NCBI Bookshelf. A service of the National Library of Medicine, National Institutes of Health.

Guidelines for the Psychosocially Assisted Pharmacological Treatment of Opioid Dependence. Geneva: World Health Organization; 2009.

Cover of Guidelines for the Psychosocially Assisted Pharmacological Treatment of Opioid Dependence

Guidelines for the Psychosocially Assisted Pharmacological Treatment of Opioid Dependence.

Show details

Annex 5Drug interactions involving methadone and buprenorphine

Drug interactions occur because medications have synergistic or antagonistic effects (so-called pharmacodynamic interactions), or because the presence of one medication affects the absorption, distribution, circulation, metabolism or elimination of another medication (so-called pharmacokinetic interactions).

A5.1. Pharmacodynamic interactions

Sedation

Any drugs that cause sedation may cause additive sedation with methadone and buprenorphine, increasing the risk of sedative overdose. Such drugs include benzodiazepines, alcohol, other sedative psychotropic medications (e.g. phenothiazines and other antipsychotics), tricyclic and other sedating antidepressants, alpha adrenergic agonists (e.g. clonidine and lofexidine) and sedative antihistamines. Most overdose deaths associated with methadone and buprenorphine are in combination with one or more of these sedatives.

Opioid withdrawal

Opiate antagonists, such as naltrexone, result in opioid withdrawal for patients on methadone and buprenorphine. Naltrexone cannot be used for the management of alcohol dependence in this population. A combination of agonists and partial agonists can also result in opioid withdrawal. Methadone should generally not be combined with the partial agonists buprenorphine, pentazocine, nalbuphine or butorphanol. Patients on buprenorphine who are also taking opioid agonists for pain may experience incomplete pain relief.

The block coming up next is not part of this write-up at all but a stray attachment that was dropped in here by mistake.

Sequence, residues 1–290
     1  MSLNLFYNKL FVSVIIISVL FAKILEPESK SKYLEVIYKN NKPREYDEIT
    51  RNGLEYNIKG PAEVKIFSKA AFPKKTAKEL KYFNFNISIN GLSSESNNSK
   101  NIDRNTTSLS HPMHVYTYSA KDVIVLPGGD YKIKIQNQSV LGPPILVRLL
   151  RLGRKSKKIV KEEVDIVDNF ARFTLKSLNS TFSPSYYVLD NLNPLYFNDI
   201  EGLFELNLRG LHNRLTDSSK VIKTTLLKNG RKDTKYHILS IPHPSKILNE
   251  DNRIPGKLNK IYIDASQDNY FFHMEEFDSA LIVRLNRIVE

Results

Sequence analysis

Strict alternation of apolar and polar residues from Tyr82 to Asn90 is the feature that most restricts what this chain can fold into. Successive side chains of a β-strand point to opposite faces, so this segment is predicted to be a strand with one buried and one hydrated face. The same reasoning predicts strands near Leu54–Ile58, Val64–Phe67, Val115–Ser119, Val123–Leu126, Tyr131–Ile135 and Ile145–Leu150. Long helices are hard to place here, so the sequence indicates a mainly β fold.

QT prolongation

A group of medications affect the time it takes cardiac ventricular muscle to depolarize and subsequently repolarize – the QT interval in an electrocardiogram. A prolongation of the QT interval predisposes people to serious cardiac arrhythmias, such as torsades de pointes and other ventricular tachyarrhythmias, which may be fatal if untreated. Methadone is one such medication. Combinations of methadone with other medications that prolong the QT interval should be used with caution, as they may further increase the risk of QT prolongation-associated cardiac arrhythmias. These medications are mainly class I or III antiarrhythmic agents, calcium channel blocking agents, some antipsychotic agents and some antidepressants (see Table A5.1 for a more complete list). Drugs that result in electrolyte disorders (e.g. hypokalaemia and hypomagnesaemia) also result in an increased risk of QT prolongation-related arrhythmias (i.e. diuretics, laxatives, corticosteroid hormones with mineralocorticoid activity). Buprenorphine does not appear to produce clinically significant prolongation of the QT interval.

Table A5.1. Drugs that increase the risk of torsades de pointes or QT interval prolongation.

Table A5.1

Drugs that increase the risk of torsades de pointes or QT interval prolongation.

A5.2. Pharmacokinetic interactions

Methadone and buprenorphine are metabolized principally by the cytochrome P450 enzyme pathways. A range of drugs and medication either induce or inhibit cytochrome P450 enzymes. The process of induction is relatively slow as it depends on the synthesis of new enzyme proteins, and occurs over days, whereas inhibition can occur rapidly, depending on the concentration of the inhibiting substance.